• Applied Analytical Photonics (AAP)
  • Astrophotonics (AP)
  • Multi-Channel Spectroscopy (VKS)

PRAXIS: an OH suppression optimised near infrared
PRAXIS: an OH suppression optimised near infrared spectrograph
S. C. Ellis, S. Bauer, C. Bacigalupo, J. Bland-Hawthorn, J. J. Bryant, S. Case, R. Content, T. Fechner, D. Giannone, R. Haynes, E. Hernandez, A. J. Horton, U. Klauser, J. S. Lawrence, S. G. Leon-Saval, E. Lindley, H.-G. Löhmannsröben, S.-S. Min, N. Pai, M. Roth, K. Shortridge, L. Waller, Pascal Xavier, Ross Zhelem
Proceedings Volume 10702, Ground-based and Airborne Instrumentation for Astronomy VII; 107020P (2018)

The problem of atmospheric emission from OH molecules is a long standing problem for near-infrared astronomy. PRAXIS is a unique spectrograph which is fed by fibres that remove the OH background and is optimised specifically to benefit from OH-Suppression. The OH suppression is achieved with fibre Bragg gratings, which were tested successfully on the GNOSIS instrument. PRAXIS uses the same fibre Bragg gratings as GNOSIS in its first implementation, and will exploit new, cheaper and more efficient, multicore fibre Bragg gratings in the second implementation. The OH lines are suppressed by a factor of ∼ 1000, and the expected increase in the signal-to-noise in the interline regions compared to GNOSIS is a factor of ∼ 9 with the GNOSIS gratings and a factor of ∼ 17 with the new gratings. PRAXIS will enable the full exploitation of OH suppression for the first time, which was not achieved by GNOSIS (a retrofit to an existing instrument that was not OH-Suppression optimised) due to high thermal emission, low spectrograph transmission and detector noise. PRAXIS has extremely low thermal emission, through the cooling of all significantly emitting parts, including the fore-optics, the fibre Bragg gratings, a long length of fibre, and the fibre slit, and an optical design that minimises leaks of thermal emission from outside the spectrograph. PRAXIS has low detector noise through the use of a Hawaii-2RG detector, and a high throughput through a efficient VPH based spectrograph. PRAXIS will determine the absolute level of the interline continuum and enable observations of individual objects via an IFU. In this paper we give a status update and report on acceptance tests.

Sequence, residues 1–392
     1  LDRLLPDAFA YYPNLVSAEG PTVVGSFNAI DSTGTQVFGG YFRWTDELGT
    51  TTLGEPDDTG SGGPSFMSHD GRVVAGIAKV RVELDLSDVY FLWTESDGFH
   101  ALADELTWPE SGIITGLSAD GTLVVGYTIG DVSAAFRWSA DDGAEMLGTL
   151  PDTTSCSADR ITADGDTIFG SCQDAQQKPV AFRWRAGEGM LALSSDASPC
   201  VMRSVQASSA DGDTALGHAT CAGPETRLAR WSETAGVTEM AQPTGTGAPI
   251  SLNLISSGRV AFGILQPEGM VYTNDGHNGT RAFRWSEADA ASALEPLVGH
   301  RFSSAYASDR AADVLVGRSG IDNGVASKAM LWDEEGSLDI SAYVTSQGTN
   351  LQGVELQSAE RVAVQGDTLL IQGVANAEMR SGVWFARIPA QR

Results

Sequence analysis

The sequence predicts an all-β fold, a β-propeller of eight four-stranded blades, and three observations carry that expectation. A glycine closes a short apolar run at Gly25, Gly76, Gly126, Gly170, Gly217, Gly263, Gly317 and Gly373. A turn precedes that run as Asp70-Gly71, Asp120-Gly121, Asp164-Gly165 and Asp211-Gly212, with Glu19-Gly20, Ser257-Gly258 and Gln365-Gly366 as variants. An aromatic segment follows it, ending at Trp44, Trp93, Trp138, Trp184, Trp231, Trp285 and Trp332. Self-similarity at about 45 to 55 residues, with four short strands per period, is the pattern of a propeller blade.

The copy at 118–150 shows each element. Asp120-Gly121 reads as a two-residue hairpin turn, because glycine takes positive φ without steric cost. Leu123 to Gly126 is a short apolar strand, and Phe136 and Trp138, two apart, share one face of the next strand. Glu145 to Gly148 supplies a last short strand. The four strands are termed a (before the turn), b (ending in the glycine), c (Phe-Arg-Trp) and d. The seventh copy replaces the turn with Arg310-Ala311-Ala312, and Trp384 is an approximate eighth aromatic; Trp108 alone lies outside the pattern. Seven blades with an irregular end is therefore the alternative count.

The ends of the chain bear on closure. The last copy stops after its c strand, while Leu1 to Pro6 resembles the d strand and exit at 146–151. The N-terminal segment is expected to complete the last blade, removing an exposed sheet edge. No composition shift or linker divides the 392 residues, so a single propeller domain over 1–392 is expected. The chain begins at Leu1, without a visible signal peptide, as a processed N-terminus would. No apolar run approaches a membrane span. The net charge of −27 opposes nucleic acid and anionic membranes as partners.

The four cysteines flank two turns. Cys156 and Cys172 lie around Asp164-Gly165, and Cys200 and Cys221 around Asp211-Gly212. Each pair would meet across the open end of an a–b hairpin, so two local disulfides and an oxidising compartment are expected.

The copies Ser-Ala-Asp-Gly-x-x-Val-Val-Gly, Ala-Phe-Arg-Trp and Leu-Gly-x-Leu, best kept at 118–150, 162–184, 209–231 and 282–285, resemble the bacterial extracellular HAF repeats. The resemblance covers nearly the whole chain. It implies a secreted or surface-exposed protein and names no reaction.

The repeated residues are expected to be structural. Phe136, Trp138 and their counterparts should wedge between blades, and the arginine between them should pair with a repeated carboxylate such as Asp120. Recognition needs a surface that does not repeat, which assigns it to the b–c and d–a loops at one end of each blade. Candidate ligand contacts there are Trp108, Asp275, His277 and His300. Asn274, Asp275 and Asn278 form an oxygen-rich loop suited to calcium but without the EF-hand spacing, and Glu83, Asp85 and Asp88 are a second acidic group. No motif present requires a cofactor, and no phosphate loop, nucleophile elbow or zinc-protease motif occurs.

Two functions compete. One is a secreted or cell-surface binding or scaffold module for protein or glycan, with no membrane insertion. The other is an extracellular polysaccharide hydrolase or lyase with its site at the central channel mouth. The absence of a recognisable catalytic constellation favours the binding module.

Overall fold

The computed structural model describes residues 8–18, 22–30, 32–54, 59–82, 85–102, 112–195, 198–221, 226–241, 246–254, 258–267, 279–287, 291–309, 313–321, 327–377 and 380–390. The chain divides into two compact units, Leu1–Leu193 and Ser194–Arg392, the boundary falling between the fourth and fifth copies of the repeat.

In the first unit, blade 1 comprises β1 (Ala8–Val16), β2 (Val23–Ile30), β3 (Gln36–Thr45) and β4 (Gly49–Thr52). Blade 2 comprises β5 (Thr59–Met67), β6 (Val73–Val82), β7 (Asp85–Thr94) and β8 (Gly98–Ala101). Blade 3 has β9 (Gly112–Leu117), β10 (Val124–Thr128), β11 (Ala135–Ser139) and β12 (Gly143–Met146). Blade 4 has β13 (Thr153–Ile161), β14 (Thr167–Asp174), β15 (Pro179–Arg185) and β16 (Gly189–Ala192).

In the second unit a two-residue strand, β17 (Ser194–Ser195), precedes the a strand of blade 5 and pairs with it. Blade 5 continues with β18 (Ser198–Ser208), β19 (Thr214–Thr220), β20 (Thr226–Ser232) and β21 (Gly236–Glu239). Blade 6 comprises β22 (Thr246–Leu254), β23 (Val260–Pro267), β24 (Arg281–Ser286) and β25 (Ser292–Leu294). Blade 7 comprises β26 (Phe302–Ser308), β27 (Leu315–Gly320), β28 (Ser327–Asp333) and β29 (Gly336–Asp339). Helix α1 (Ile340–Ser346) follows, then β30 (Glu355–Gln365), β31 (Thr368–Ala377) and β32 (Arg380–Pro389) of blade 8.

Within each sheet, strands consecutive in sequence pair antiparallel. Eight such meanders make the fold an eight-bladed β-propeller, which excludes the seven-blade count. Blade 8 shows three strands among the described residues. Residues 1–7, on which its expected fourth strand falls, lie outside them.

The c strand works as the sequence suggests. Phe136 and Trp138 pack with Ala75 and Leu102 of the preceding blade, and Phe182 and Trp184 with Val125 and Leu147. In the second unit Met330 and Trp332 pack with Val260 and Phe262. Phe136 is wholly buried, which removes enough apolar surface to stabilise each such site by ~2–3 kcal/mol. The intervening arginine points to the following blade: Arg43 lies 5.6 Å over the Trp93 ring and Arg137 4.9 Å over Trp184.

Conference Proceedings